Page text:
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Trump presses Georgia official to 'find' votes, Pelosi wins re-election and a ruling for WikiLeaks' Assange

"There's no way I lost Georgia," Trump insisted on the call, despite evidence to the contrary. "We won by hundreds of thousands of votes."
Image: President Donald Trump speaks at a rally to support Republican Senate candidates at Valdosta Regional Airport in Valdosta, Ga.
President Donald Trump speaks at a rally to support Republican Georgia Senate candidates in early December. Andrew Caballero-Reynolds / AFP - Getty Images file

Good morning, NBC News readers.

A critical week in American politics has started with a bang with the release of an hourlong phone call in which President Donald Trump can be heard pressuring a Georgia official to "find" votes to change the outcome of the election.

Here is what's happening this Monday morning.

‘I just want to find 11,780 votes’: Trump presses Georgia official in stunning phone call

President Trump pressured Georgia's secretary of state to overturn the election results in an astounding hourlong phone call obtained Sunday by NBC News in which the president offered a litany of false claims about voter fraud and repeatedly berated state officials.

"So look, " Trump told Secretary of State Brad Raffensperger. "All I want to do is this. I just want to find 11,780 votes, which is one more than we have. Because we won the state."

Raffensperger and his office's general counsel, Ryan Germany, pushed back against Trump's claims during the call which took place Saturday. Excerpts from it were first published Sunday by the Washington Post.

During the conversation, the president suggested that Raffensperger, who is a Republican, could face criminal consequences if he refused to intervene in accordance with his wishes.

"There's nothing wrong with saying, you know, um, that you've recalculated," Trump said.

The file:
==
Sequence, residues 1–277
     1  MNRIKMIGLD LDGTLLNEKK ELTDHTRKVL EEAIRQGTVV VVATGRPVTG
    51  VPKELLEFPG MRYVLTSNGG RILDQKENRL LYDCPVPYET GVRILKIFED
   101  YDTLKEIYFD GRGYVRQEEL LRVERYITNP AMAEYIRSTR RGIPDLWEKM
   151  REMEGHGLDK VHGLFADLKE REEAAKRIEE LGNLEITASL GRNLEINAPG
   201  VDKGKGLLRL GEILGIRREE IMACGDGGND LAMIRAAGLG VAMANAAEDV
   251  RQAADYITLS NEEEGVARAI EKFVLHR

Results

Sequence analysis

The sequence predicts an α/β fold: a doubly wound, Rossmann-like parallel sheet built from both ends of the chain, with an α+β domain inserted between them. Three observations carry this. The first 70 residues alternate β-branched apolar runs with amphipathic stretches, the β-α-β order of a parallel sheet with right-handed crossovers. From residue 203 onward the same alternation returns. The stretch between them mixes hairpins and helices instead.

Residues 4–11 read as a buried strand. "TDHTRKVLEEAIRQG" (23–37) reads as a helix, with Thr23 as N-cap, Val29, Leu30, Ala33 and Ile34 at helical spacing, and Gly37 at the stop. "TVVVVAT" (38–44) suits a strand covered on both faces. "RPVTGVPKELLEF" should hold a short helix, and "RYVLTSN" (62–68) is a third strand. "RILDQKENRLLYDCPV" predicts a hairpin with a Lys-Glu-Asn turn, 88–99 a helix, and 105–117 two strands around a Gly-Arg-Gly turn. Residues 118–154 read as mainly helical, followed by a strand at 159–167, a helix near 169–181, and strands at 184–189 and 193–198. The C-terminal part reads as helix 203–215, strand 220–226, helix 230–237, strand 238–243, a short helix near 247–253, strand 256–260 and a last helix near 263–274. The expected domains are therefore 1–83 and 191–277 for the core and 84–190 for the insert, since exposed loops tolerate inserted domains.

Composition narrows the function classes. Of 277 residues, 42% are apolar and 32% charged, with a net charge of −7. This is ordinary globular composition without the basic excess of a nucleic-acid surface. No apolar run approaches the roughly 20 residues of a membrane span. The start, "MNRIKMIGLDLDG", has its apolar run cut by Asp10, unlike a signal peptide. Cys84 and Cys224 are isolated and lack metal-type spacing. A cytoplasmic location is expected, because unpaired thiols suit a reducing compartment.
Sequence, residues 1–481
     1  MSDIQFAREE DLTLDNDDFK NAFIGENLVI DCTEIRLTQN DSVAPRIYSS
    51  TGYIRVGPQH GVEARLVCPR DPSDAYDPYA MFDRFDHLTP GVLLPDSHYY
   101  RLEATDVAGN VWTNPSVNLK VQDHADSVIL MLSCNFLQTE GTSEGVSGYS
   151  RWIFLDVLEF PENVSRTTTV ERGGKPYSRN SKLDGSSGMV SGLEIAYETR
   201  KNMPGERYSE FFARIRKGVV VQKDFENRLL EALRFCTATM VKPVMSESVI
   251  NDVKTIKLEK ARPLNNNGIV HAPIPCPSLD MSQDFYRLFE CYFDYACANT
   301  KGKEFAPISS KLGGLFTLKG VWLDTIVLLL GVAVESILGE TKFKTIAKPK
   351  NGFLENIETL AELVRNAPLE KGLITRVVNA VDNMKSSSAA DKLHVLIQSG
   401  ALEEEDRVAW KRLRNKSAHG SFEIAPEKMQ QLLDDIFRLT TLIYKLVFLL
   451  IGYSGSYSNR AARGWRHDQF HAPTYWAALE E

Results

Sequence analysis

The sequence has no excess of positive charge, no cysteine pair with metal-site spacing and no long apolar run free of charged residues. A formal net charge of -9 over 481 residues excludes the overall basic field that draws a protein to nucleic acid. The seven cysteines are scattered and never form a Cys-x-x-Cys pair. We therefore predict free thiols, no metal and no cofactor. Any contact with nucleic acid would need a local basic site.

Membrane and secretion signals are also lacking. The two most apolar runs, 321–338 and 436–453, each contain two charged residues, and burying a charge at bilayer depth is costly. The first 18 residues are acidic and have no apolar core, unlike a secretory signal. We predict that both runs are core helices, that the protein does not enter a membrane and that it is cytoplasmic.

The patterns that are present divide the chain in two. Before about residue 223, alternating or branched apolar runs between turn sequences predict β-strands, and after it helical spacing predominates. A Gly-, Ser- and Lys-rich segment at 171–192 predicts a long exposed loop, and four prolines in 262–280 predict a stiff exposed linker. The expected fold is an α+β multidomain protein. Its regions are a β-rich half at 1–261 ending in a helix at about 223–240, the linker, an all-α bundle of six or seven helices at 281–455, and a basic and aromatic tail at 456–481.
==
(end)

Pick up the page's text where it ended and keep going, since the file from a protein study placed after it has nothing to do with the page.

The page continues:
Raffensperger responded, "Well, Mr. President, the challenge that you have is the data you have is wrong."

Listen to the complete hourlong phone call.

The explosive exchange is the latest example of Trump's unprecedented efforts to overturn the results of the presidential election with little more than two weeks left in office.

The conversation also came days before Tuesday's runoff elections in Georgia that could determine which party controls the U.S. Senate, and a joint session of Congress on Wednesday to ratify President-elect Joe Biden's Electoral College win.

'The numbers are real': U.S. Covid death toll passes 350,000

Dr. Anthony Fauci on Sunday pushed back on Trump's false claims that the U.S. coronavirus death toll is "exaggerated."

"The numbers are real," Fauci, the nation’s top infectious disease expert, said during an interview with Chuck Todd on NBC's "Meet the Press."

"All you need to do, Chuck, is to go into the trenches, go into the hospitals, go into the intensive care units and see what is happening. Those are real numbers, real people and real deaths."

Fauci's comments came in response to a tweet from Trump on Sunday in which he claimed that the Centers for Disease Control and Prevention count of Covid-19 cases and deaths in the U.S. was "far exaggerated."

December was the most deadly and infectious month of the pandemic in the United States: More than 77,000 people died and 6.4 million contracted the virus over the month, according to an NBC News analysis. Overall, more than 350,000 people have died from the virus in the U.S. and almost 20.5 million people have been infected.

Health officials fear that the level of infections and deaths could get worse over the next few weeks as the U.S. feels the full effects of travel during the holiday season.

As the Covid-19 death toll mounts, a group of widows have found each other on Facebook and are coping with their grief together.

Follow our live blog for all the latest Covid-19 developments.

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THINK about it

Trump's bizarre, desperate Georgia call mimics history's cornered autocrats, history professor Ruth Ben-Ghiat writes in an opinion piece.


Ok, let's just admit that the holidays were a wash in terms of exercise. Here's how to ease back into fitness with this simple 31-day walking plan.

One hopeful thing

When the pandemic hit and schools closed, Stanford University seniors Margot Bellon and Isabel Wang recognized that disadvantaged students may not have the technology to keep up with virtual schooling.

They created the nonprofit Bridging Tech, which provides donated computers to young students like 11-year-old Mariah Anthony.

Thanks for reading the Morning Rundown.

Happy New Year! Thanks to my colleagues Rachel Elbaum and Saphora Smith for filling in for me over the holidays.

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Thanks, Petra